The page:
Welcome to the blog by Marylu Weber

This blog contains dozens of posts and photos of the wild, feral horses from the park and some of the people involved with them. These horses are owned by the park and not managed by the BLM. To see most of the photos, scroll to the bottom of this page. To find earlier posts of interest go to Blog Archive on the right and follow this guide:

For some of the history of the horses and people involved:

Wild Horses of Theodore Roosevelt National Park
Tom Tescher's Story
The Boicourts
The Roundup

The Sale

For some of the special horses' stories:
Fire's Story
Whisper's Story
Our Boys Come Home
Dancing with a Wild Horse
Whit's Story

The Dance Continues
Training Update

More Dancing with Hawk
More Training for Hawk
Bashful, the Steps of His Life

Post of Interest:
Four Stallion Fight
Hazards, Did I Mention Hazards?

Thursday, July 24, 2008

The B and N bands

The B band has roamed in the area between Interstate 94 and the south side of the park's loop road for decades, but because of their insistence on remaining in their territory and an apparent inability of stallions from other parts of the park to gain any mares in that area, the band had suffered from inbreeding more than the bands that intermingled in the rest of the park. Several of the Interstate band were culled over the years because of obvious conformation faults. In the 2000 roundup, Interestate Blue was removed because he had been the band sire for several years and produced many offspring.

In the spring of 2001, Little Sorrel, a young bachelor son of a stallion that had run in the interior of the park, collected most of the remaining mares in that area and also acquired some of the mares that remained from his sire's band. Another young stallion, originally from the Interstate band, that had run on Johnson Plateau until he was strong and mature enough, picked up mares from those same bands and established his own small band in the same area but farther to the west. Gary, a gray, became the patriarch of the gray, N band, which is often referred to by the park personnel as the "Caspers." The Rose Gray Mare and Ghost are two of the oldest mares in the park.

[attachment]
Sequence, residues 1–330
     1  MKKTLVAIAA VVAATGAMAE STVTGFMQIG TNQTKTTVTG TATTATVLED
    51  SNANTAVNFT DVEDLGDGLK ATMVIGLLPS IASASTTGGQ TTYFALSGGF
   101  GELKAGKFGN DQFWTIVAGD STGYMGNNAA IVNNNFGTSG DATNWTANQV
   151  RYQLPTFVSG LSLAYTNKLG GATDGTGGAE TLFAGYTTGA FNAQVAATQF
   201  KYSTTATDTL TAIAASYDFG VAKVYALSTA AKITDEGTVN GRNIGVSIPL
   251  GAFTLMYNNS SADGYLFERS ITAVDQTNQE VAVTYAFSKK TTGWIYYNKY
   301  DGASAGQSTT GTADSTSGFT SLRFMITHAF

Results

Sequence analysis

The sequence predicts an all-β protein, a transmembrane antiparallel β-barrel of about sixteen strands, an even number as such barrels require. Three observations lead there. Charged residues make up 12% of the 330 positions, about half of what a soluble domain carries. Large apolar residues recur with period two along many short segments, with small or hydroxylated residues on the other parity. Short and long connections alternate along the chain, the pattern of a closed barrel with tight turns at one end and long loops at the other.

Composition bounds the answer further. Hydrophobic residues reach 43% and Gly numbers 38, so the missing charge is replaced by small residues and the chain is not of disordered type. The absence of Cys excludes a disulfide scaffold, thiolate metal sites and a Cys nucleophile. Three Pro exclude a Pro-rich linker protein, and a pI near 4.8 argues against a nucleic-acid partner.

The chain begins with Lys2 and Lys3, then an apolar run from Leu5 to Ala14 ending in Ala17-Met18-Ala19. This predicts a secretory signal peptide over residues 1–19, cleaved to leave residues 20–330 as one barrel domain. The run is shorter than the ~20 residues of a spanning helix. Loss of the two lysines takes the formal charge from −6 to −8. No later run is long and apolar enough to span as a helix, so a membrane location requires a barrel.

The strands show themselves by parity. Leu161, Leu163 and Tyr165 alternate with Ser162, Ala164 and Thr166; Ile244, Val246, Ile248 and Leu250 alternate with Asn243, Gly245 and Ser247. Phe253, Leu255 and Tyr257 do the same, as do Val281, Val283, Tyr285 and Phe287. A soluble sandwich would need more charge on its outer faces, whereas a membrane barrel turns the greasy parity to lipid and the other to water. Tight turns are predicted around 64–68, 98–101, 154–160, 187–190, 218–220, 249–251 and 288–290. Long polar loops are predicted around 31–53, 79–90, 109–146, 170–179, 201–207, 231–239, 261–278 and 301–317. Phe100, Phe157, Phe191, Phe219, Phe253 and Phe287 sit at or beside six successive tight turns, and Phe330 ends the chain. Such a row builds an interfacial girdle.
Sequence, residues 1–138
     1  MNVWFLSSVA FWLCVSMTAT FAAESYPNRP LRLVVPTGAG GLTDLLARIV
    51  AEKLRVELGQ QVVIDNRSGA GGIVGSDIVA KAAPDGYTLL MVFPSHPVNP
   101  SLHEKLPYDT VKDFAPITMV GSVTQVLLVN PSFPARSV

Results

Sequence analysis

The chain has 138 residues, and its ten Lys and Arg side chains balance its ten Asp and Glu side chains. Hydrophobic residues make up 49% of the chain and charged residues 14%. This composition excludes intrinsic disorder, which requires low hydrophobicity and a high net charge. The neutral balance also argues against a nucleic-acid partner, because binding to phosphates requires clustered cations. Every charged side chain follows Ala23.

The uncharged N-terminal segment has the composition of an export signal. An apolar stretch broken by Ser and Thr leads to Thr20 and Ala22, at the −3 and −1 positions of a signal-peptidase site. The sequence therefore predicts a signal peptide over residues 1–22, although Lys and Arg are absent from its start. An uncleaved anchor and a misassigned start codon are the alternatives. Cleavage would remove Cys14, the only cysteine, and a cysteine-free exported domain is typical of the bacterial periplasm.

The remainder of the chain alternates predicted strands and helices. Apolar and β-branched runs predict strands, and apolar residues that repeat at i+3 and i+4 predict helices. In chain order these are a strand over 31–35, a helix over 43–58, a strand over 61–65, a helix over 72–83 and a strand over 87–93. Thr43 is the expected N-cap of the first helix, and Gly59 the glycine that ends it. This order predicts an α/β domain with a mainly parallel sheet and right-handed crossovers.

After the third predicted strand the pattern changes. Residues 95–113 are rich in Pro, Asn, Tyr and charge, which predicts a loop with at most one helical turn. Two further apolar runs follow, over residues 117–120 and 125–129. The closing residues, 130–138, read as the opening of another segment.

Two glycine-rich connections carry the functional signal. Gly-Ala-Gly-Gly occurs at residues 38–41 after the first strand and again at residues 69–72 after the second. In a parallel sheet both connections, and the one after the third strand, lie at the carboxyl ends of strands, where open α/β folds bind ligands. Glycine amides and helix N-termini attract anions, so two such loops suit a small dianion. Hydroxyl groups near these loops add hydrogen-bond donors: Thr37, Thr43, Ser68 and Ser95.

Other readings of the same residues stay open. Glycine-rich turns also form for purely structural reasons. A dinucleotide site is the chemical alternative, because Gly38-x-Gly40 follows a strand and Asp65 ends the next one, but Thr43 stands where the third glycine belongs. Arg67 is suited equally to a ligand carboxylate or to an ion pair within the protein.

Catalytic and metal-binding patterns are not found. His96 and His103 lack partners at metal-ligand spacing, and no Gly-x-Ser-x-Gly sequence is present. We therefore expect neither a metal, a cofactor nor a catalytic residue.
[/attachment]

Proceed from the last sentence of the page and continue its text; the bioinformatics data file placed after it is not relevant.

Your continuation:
Little Sorrel now has the largest band in the park (18), consisting of two older mares, Grandma Roan and Tanker, two younger mares, Trouble's Girl and Gary's Gray, and generations of their offspring. The lead mare, Grandma Roan, is getting old, but still produced some of the nicest foals in the band. Her striking bay roan stud colt is one of the five new foals this year.

Tuesday, July 22, 2008

The A Band

Tom Tescher, the rancher who recorded the horses for 50 years, developed a system for keeping track of the different bands and individual horses. Tom is not able to keep his detailed, hand written records any more, but I have continued his system because it works.

In Tom's system each band is given a letter, so first I will tell you about the A band. For the past 10 years Curious George, pictured below, has had the A band, which could be seen along the east side of the Little Missouri River, the high ground between Jones and Paddock creeks and the Paddock Creek valley. Though he carefully guarded his band from other band stallions and bachelors that would have stolen his mares, he allowed park visitors to observe and photograph the band regularly, sometimes blocking traffic as they tried to escape from the pesky flies. He has been one of the most photographed and remembered horses in the park during those years because of his unique overo spots, bald face, and amicable nature.

He created a small band of young fillies in his forth year, but lost most of them to the 2000 roundup. Since then he has acquired and stayed with the same three mares for several years. Flicka, his lead mare, joined him as a two year old and bore him a foal every year for the past eight years. Stormy spent a winter across the river after her sire and another one of his fillies were struck by lightning a few days before the 2000 roundup. She found her way back across the river that spring and delivered a stout, flashy filly who became one of Curious George's favorites. Chubby could always be found hanging around him, while Stormy made his life difficult with her cantankerous disposition.